Objective: This study aimed at observing and discussing the curative effect of conventional fractionation radiotherapy and accelerated hyperfractionation radiotherapy in the elderly
with locally advanced non-small cell lung carcinoma (NSCLC).
Methods: The study group consisted of 72 patients with locally advanced NSCLC (partly IIIA or IIIB stage) who were admitted between January 2009 and December 2010. They were divided randomly into two groups: 36 in the observation group and 36 in the control group. The
control group was treated by conventional fractionation radiotherapy, while the observation group received accelerated hyperfractionation radiotherapy. After three months, six months and one year, at follow-up visits, the comprehensive curative effect was evaluated, and the data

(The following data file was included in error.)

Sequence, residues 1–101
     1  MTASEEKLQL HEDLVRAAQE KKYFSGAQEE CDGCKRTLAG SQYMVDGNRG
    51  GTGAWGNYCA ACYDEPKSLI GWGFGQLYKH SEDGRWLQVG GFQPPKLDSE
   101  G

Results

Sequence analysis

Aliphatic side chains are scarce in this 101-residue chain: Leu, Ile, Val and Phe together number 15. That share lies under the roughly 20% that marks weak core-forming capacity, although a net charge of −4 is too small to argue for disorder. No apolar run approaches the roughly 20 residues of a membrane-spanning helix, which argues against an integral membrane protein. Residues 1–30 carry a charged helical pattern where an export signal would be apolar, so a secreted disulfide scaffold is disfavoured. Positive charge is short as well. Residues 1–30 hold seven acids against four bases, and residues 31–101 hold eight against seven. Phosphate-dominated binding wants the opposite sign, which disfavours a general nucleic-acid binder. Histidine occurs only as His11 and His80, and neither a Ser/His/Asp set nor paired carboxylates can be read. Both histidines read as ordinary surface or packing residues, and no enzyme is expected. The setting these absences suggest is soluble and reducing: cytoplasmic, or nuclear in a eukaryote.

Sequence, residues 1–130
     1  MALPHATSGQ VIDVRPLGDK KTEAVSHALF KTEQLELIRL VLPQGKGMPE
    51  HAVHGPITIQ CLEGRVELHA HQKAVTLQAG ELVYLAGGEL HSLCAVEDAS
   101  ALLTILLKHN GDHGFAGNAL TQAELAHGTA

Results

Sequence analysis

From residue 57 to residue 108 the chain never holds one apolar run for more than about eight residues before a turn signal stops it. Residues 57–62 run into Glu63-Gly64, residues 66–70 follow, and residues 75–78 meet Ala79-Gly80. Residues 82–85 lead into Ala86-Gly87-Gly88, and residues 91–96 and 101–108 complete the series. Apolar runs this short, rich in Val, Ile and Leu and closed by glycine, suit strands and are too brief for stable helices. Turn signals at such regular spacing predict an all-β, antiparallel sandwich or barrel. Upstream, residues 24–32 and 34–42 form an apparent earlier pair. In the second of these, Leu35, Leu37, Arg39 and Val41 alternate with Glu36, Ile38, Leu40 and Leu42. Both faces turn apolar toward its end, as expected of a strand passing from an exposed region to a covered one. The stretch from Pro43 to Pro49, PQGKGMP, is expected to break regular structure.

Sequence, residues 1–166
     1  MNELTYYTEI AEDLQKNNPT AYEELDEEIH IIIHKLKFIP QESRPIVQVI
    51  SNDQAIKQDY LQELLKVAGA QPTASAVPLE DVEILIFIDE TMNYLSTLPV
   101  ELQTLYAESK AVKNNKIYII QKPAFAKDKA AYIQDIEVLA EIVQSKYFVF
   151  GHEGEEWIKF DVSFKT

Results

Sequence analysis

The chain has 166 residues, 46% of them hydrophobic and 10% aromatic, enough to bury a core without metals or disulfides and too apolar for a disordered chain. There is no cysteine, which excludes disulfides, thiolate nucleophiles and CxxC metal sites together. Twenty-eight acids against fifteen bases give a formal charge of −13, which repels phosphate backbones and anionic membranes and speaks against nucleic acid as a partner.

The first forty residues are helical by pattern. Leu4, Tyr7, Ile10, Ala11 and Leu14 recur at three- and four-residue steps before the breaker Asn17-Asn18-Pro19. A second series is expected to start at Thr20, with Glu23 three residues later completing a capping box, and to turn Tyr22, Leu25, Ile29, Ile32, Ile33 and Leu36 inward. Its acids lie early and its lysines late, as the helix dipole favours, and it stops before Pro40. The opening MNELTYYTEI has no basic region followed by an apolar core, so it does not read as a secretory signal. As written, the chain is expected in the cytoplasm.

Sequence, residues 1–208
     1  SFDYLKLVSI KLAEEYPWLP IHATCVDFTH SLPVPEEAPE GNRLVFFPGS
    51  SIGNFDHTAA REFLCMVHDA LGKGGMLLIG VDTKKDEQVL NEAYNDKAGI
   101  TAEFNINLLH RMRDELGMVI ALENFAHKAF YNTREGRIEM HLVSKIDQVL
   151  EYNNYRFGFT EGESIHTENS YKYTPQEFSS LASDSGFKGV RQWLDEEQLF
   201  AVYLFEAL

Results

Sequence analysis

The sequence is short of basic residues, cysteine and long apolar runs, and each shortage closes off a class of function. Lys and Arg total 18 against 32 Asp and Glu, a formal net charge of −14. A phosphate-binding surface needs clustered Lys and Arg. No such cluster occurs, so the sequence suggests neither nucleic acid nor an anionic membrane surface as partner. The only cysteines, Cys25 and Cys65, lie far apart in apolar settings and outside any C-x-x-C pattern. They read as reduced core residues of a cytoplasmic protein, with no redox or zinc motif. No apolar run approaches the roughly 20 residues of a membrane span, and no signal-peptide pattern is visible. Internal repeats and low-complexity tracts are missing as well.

on disease-free survival and radiation toxic reaction were acquired. Sixty-four samples were included in this research after excluding patients with distant metastasis and other internal medicine diseases.
Results: The remission rate (complete remission + partial remission) in the observation group was 75.0% (24/32) while that in the control group was 62.5% (20/32). The remission rate in the observation group was significantly higher than that in the control group (p < 0.05). The
progression-free survival (PFS) in the observation group at three months, six months and one year was 81.3% (26/32), 31.2% (10/32) and 18.7% (6/32), respectively. The corresponding data in the control group was 6.2% (18/32), 28.1% (9/32) and 15.6% (5/32), respectively. The
three-month PFS in the observation group was significantly higher than that in the control group (p < 0.05). There was no statistically significant difference in myelosuppression, radiation oesophagitis and radiation pneumonitis (p > 0.05).
Conclusion: Compared with conventional fractionation radiotherapy in treating locally advanced NSCLC, accelerated hyperfractionation radiotherapy showed better short-term
decentralized control effect. The toxic effects were similar in the two therapies.